I went to Cardiff to and lifted them. The only time I left a job was with Manchester City. Steve Coppell invited me there, but he resigned within a month and left me high and dry. I was never going to get any support there. My final job was at Peterborough with Barry Fry which initially went fantastically well. I helped the discipline within the club because Barry is not the discipline type really. I'm not saying you're the Ayatollah but you have to have certain rules. I'm pretty satisfied with my managerial career.

The modern game

The modern game is stretched from 18 yard box to 18 yard box. There's less shots shots at goal and less excitement for the fans. There's restricted play put on some players, particularily full-backs. That's quite a contrast to when we were given the license. I was number 2 yet I ended up in the European Cup final scoring from the six yard box in general play. Why? Because I was given the freedom if there's an attack and you join the attack you stay with it until it ends. We used to practice that in little games. As soon as it breaks down, run back. We were given the license of expression. There's a curtailing of expression in the modern game. I don't mind my clubs winning with that tactic but we have to be productive.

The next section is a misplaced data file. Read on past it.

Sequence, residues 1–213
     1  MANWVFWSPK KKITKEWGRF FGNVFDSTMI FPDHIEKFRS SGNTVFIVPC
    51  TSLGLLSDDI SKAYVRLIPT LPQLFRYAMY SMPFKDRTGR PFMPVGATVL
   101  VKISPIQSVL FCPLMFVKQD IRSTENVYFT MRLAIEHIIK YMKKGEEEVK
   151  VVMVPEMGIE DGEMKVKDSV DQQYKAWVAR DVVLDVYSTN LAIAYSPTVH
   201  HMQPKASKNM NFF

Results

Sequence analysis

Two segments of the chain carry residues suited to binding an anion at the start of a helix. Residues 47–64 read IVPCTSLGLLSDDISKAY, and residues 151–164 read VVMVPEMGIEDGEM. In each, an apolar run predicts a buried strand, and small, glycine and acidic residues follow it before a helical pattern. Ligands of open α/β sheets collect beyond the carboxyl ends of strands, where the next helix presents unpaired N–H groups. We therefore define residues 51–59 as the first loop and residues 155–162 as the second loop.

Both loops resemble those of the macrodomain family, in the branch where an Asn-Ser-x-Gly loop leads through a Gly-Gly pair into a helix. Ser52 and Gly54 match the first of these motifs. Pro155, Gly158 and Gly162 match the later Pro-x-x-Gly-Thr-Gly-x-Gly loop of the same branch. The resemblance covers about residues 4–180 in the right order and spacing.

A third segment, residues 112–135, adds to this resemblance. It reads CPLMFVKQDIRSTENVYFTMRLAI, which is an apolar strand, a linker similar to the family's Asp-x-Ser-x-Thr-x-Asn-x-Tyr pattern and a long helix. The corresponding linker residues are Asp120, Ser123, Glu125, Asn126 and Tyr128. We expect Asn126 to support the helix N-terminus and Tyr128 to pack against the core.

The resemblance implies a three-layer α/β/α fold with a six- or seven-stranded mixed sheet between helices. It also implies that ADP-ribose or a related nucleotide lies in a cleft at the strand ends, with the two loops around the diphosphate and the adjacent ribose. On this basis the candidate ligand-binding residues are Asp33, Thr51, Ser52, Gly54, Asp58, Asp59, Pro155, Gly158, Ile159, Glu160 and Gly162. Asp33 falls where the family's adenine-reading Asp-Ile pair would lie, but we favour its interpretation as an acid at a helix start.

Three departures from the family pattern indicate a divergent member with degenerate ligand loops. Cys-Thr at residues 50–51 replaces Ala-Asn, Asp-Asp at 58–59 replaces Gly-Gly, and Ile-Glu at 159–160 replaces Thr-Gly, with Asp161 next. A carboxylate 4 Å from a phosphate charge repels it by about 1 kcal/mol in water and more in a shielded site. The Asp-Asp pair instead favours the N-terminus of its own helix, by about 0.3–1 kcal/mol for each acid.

Everyday life now

I'm part of the ex-players committee that raises funds for charity. Doing TV, working at Anfield at every home game in one of the lounges. Corporate stuff. Sky TV as well. Trans world International that is radio broadcast from down in London. I try to fill the days and then play golf when the better weather comes.

Two ligthearted questions in the end.

Do you still oil paint?

Funny, you should say that, yes. I have got the brushes out again. I have two hanging in the house at the moment. They're better than the old ones. I have returned.

Kenny Dalglish said in your testimonial brochure that there was no bigger eater at Anfield than Phil Neal. Are you still a big eater?

Mind you. All I will say is have you seen Kenny's size lately? He's more rounded than I am so I'll just leave it like that.

Interview by Arnie and Sigfus Guttormsson copyright -